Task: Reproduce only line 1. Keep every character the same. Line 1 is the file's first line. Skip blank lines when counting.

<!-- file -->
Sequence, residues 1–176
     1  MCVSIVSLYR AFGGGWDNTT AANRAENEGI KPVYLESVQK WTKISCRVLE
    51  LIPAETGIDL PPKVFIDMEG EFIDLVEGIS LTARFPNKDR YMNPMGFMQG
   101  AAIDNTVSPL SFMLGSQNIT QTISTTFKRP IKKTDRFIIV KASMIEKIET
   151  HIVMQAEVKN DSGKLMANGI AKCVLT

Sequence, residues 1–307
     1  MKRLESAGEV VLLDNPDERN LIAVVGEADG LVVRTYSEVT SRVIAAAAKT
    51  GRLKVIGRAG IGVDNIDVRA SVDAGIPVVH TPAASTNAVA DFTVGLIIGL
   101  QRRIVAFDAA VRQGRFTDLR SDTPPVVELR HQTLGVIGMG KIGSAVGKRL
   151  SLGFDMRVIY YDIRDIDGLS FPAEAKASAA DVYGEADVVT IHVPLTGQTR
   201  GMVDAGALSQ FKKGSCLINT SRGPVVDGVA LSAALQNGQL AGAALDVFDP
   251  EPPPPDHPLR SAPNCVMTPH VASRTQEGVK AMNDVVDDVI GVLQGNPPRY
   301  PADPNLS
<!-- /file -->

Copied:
Sequence, residues 1–176